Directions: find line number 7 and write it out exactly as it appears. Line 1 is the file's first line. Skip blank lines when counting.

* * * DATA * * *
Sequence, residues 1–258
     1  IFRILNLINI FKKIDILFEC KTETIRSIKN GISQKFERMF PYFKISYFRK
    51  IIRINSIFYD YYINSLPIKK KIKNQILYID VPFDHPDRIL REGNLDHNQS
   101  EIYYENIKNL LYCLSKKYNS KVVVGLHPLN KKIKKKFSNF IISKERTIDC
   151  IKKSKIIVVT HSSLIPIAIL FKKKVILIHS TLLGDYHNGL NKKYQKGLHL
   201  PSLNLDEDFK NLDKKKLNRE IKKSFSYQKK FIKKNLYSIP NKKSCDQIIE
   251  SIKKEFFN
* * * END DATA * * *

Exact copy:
   251  SIKKEFFN